In addition, distinguishing signal versus noise is a challenging issue in the prediction. This challenge is exacerbated for regional climate models because variability from daily to interannual timescales is greater for small regions. Therefore, articulating regional results at a long enough timescale to tease out signal versus noise is difficult.
Planning and operations for water management and design of new projects require high-quality information in a site-specific context that the current generation of climate models cannot yet deliver to respond to realities dictated by regulation, current public policy, and other factors.
There are insufficient interactions and knowledge exchange between climate scientists, water scientists, and engineers and practitioners to solve these challenges. This contention is well illustrated by the use of terminology in the different communities involved with climatic and hydrologic extremes. If the scientific and practitioner communities can communicate and plan for extreme events now, then the results of their work will provide for improved preparation for events in the future.
Close cooperation between these communities to better assist each other is critical. In the absence of a common language, the different uses of important terms should be clearly defined and accepted, and each community should be more flexible and adaptable with respect to how the other uses the terms. Risk is generally defined as the probability of hazard occurrence multiplied by some measure of hazard consequence or capacity to be harmed given a particular level of hazard i. In the past, considerable emphasis was placed on the probability estimates for a particular hazardous process.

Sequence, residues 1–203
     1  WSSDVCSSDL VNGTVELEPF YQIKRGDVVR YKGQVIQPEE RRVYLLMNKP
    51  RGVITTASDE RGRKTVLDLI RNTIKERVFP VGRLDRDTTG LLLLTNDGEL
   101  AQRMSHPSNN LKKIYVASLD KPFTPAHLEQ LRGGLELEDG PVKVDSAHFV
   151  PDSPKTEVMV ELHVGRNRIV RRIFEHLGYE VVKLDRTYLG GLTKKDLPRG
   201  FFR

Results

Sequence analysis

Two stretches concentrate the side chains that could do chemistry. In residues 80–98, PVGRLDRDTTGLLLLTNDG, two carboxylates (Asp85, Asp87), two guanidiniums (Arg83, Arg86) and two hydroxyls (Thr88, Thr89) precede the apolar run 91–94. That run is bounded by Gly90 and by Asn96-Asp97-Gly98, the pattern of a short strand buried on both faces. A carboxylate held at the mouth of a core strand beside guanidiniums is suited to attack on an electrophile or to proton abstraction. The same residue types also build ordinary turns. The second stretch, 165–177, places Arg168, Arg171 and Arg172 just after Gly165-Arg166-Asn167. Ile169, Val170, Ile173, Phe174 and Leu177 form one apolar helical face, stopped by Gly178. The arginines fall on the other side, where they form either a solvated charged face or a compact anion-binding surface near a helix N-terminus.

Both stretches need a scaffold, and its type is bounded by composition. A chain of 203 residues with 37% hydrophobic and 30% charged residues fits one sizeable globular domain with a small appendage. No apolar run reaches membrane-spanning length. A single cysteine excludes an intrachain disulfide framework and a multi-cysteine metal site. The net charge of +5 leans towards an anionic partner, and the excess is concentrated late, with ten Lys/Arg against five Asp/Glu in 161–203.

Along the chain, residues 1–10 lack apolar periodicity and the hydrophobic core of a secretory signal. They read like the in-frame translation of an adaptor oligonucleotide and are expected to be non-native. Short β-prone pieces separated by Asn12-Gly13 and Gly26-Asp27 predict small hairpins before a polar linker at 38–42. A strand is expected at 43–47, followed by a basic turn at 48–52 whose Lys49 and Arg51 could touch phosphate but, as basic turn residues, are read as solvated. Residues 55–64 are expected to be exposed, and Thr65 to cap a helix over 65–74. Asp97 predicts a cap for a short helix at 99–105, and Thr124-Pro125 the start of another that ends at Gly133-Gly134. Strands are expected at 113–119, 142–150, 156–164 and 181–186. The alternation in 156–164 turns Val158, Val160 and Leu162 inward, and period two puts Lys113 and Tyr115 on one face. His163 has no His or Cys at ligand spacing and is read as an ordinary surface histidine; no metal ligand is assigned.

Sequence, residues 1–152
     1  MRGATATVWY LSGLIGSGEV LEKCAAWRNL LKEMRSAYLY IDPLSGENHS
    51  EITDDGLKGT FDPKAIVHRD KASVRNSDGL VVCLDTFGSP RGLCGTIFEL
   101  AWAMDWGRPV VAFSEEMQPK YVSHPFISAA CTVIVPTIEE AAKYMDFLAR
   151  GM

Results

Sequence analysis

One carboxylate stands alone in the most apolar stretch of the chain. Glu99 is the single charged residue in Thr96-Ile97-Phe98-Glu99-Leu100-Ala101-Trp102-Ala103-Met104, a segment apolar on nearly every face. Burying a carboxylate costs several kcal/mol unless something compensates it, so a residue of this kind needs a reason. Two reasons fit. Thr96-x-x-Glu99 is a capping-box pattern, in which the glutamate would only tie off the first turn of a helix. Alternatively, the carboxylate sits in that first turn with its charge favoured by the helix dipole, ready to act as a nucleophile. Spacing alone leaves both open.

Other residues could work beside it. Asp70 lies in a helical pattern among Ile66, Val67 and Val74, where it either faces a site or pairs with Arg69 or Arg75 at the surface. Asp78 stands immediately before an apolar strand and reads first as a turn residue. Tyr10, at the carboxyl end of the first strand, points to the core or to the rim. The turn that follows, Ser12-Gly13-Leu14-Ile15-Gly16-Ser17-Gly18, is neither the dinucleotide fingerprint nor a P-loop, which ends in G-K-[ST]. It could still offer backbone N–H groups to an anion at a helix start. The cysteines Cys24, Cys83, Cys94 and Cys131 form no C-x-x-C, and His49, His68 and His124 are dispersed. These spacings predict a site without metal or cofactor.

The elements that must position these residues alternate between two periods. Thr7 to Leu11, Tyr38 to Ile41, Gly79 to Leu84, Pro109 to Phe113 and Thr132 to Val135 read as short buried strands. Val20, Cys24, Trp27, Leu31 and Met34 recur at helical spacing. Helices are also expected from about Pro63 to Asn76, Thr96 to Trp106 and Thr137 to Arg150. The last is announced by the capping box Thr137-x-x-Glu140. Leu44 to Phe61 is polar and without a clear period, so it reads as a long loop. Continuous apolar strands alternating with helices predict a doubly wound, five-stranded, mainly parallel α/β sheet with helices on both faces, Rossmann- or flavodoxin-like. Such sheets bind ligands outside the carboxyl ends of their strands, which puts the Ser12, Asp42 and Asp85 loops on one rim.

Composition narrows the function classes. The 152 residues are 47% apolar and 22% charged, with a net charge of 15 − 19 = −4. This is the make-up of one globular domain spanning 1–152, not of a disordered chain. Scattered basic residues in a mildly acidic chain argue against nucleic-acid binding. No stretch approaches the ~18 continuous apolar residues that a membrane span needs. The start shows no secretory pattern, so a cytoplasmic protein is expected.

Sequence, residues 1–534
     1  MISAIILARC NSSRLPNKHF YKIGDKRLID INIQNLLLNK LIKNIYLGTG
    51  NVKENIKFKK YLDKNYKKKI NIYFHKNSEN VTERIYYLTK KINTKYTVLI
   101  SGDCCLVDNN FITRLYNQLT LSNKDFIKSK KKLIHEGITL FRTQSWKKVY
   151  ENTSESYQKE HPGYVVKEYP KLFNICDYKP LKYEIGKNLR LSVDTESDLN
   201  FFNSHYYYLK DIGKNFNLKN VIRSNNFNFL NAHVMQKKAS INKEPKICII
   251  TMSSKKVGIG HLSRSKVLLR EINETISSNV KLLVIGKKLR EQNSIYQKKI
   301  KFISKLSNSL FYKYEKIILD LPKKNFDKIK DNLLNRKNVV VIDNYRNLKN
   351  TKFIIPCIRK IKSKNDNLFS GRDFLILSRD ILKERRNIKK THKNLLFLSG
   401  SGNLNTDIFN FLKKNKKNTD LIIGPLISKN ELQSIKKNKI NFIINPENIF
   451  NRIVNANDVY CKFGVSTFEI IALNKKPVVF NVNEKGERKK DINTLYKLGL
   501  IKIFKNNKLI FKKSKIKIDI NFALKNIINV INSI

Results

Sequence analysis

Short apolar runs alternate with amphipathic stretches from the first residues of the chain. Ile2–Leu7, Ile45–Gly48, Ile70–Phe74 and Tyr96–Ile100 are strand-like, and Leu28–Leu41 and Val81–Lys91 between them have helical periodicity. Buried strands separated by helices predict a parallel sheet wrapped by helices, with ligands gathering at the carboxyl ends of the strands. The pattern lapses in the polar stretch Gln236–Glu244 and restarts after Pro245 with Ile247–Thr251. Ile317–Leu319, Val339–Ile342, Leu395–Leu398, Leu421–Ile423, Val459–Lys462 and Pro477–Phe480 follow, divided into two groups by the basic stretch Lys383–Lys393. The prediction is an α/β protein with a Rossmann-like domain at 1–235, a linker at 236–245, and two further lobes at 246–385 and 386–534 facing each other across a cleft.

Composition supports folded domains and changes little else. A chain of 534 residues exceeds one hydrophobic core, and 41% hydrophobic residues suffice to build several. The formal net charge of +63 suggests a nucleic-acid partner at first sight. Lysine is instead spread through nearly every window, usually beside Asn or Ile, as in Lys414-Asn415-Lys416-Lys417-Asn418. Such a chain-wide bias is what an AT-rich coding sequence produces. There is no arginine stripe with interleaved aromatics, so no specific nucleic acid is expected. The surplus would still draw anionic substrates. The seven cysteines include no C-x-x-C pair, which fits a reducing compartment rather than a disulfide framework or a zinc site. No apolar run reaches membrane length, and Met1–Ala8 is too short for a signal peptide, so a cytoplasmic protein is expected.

This is illustrated by the traditional civil engineering approach that uses probabilistic entities e. Flood and drought vulnerabilities are a consequence of human planning and actions. Humans have a propensity to settle in hydrologically dangerous settings, such as floodplains or drought-prone arid and semi-arid regions. Less emphasis has generally been placed on developing well-defined measures of vulnerability, which in this context is the varying level of. Vulnerability depends, in part, on social factors, and it continually changes in response to factors that differ from those measured in probabilistic analyses.
Although one of the primary goals of research on extreme events such as floods and droughts is risk reduction, the current emphasis of global climate science using models and observations addresses the probabilistic hazard component of risk NRC, a. We can easily read books on the mobile, tablets and Kindle, etc.